Melilla

View from Old Melilla

Melilla is a Spanish exclave in North Africa, on the Moroccan side of the Mediterranean. In some ways, it's kind of like Ceuta but in other ways, it's a unique place.

Understand

Talk

You are in Spain. People speak Spanish. But you are also in North Africa, and many people speak Tarifit (Spanish: rifeño, a variety of Berber). French is also widely spoken amongst the Moroccans in Melilla.

Get in

By car (or on foot)

From Morocco. Melilla is completely surrounded by Moroccan territory (and the sea), and this is obviously a very sensitive border. Many try to cross illegally into Spain, with dire consequences. Crossing legally (in either direction) is also an eye-opening experience, but presents no particular difficulties if you are not transporting counterfeit goods or hashish.

Don't forget that Spain and Morocco are in different time zones, so crossing the border into Melilla you will lose one hour, or two hours in April and May (Morocco only started to observe daylight savings time in 2008).

By plane

Air Nostrum (Iberia Regional) flies from Málaga (8 flights daily), Madrid (3 flights), and one flight from Almería, Granada, Valencia and Barcelona.

By boat

There are ferry services run by Acciona Trasmediterránea.

By train

Moroccan train operator ONCF has three trains daily between Taourirt and the Beni-Nsar Port train station, about five minutes' walk from the border. Connections are available at Taourirt with trains to Fès, Rabat, Casablanca, and Oujda.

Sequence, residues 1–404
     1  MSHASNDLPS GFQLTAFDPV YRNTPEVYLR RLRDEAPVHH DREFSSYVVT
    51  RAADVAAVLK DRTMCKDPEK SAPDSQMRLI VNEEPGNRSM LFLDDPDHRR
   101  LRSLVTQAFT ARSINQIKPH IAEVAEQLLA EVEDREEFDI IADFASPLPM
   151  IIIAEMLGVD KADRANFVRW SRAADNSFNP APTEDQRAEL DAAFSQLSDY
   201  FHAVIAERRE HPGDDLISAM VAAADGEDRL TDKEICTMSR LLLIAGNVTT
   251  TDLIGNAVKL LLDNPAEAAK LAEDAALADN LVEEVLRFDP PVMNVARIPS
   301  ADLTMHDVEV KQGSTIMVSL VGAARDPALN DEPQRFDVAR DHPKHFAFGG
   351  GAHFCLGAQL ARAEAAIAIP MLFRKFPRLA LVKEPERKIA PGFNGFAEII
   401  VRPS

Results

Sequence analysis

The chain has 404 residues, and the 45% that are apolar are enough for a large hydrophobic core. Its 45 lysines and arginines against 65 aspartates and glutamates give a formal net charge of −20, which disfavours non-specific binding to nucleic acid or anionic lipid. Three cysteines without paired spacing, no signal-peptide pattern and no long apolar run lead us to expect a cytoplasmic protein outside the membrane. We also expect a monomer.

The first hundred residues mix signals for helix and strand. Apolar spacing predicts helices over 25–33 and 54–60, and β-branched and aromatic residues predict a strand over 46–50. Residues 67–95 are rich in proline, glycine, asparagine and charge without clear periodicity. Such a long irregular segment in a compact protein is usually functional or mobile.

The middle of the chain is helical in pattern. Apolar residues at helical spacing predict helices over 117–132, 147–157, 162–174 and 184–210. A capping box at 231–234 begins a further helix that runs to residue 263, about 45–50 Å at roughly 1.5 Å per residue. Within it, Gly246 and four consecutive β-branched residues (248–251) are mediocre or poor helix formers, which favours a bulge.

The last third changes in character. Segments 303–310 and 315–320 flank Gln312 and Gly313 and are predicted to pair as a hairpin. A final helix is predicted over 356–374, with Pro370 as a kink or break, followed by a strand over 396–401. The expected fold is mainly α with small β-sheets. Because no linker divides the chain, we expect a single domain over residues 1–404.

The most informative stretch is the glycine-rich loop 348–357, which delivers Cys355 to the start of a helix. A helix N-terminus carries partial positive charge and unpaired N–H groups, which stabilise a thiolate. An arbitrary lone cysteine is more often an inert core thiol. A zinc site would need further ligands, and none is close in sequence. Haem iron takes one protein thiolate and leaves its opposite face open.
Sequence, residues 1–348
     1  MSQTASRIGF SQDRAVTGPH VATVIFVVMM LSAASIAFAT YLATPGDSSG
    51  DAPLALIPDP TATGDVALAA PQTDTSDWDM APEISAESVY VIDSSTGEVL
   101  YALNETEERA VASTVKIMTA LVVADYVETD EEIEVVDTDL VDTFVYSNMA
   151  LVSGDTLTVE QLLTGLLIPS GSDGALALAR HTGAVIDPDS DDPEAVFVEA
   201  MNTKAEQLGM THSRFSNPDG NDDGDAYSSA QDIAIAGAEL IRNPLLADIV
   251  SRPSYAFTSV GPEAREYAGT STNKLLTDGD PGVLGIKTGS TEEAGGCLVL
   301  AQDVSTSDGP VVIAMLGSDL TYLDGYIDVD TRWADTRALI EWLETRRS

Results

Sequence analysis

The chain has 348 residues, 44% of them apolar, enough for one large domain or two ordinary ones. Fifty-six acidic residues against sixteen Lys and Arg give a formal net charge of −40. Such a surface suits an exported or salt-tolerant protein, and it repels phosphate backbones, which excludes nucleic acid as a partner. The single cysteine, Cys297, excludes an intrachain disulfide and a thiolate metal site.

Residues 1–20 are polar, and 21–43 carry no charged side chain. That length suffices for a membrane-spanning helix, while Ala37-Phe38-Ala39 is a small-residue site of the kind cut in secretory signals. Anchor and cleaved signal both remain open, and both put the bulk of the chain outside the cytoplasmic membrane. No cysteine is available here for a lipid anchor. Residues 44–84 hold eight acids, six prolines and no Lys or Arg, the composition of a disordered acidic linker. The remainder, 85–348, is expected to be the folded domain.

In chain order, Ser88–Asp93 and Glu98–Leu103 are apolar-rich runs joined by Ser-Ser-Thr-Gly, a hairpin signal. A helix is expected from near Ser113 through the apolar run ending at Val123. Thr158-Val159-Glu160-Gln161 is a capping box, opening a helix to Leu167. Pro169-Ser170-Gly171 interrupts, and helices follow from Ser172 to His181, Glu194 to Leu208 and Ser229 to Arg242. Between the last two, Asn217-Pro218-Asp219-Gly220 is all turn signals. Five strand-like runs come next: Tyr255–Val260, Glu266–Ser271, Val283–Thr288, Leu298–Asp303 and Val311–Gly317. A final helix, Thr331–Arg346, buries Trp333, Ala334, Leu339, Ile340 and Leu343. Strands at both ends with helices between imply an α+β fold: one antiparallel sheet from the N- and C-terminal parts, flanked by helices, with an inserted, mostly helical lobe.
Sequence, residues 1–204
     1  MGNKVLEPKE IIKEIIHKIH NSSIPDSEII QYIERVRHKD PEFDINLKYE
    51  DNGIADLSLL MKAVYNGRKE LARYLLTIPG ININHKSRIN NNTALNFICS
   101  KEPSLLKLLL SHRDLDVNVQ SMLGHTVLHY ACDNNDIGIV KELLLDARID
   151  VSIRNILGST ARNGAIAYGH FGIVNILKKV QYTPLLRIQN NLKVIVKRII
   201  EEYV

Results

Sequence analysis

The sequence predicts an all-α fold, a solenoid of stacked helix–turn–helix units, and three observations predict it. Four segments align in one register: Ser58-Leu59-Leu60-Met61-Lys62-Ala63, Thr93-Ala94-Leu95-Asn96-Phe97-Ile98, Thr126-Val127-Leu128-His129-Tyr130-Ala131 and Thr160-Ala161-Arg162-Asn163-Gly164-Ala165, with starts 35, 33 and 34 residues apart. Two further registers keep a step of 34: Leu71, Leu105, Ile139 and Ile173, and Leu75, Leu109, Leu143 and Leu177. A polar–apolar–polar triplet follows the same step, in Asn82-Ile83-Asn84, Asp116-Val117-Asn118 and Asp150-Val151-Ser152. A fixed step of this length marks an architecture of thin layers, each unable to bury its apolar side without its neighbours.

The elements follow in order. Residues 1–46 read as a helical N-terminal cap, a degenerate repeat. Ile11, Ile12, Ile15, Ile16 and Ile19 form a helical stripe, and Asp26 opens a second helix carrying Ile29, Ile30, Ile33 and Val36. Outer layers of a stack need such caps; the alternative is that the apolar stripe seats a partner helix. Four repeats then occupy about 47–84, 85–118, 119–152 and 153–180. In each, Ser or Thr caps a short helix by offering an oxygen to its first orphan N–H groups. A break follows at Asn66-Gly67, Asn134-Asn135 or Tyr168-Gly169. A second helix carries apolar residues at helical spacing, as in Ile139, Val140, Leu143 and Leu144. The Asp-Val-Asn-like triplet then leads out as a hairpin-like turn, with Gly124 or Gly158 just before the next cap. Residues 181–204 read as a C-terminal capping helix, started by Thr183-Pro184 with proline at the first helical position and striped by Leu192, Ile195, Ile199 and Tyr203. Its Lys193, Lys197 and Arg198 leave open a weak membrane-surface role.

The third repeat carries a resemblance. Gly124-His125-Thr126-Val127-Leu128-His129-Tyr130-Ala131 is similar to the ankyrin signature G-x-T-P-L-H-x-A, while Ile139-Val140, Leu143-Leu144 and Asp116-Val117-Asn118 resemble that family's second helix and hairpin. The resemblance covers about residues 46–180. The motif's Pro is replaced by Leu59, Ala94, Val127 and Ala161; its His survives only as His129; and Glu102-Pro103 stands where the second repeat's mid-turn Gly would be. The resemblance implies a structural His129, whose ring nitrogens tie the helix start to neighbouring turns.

See

Buy

Melilla (like Ceuta) is a territorio franco, which means no VAT or other taxes.

Eat

Drink

The city is full of cafe/bars but the liveliest part is the Puerto Noray, opposite the big Hotel Puerto Melilla and has many restaurants, bars and nightclubs. And all of the bars look out at the marina.

Stay safe

Melilla is a safe city to visit. There are always lots of people enjoying the beach, etc until late. a visitor who stays near the centre will not have a problem.

Go next

Walking into Morocco

Catch a bus from the Plaza de España to the Moroccan border, 2km to the south. Cross the border into the Moroccan customs and security area and line up at the police kiosk to get your passport stamped. This can take a while. Be sure to go up to the window and ask for an entry form to fill out (in French, Spanish or English) while you wait. Be careful for scammers trying to sell you these forms or trying to "help" you fill them out. They will just run off with your passport.

When you get out you will be in the village of Beni Enzar which has the port of Nador with sailings to Almeria or France, where you can find banks (just next to the port)or a collective taxi to the city of Nador. Remember to turn your watch back one or two hours!

This article is issued from Wikivoyage - version of the Sunday, April 05, 2015. The text is available under the Creative Commons Attribution/Share Alike but additional terms may apply for the media files.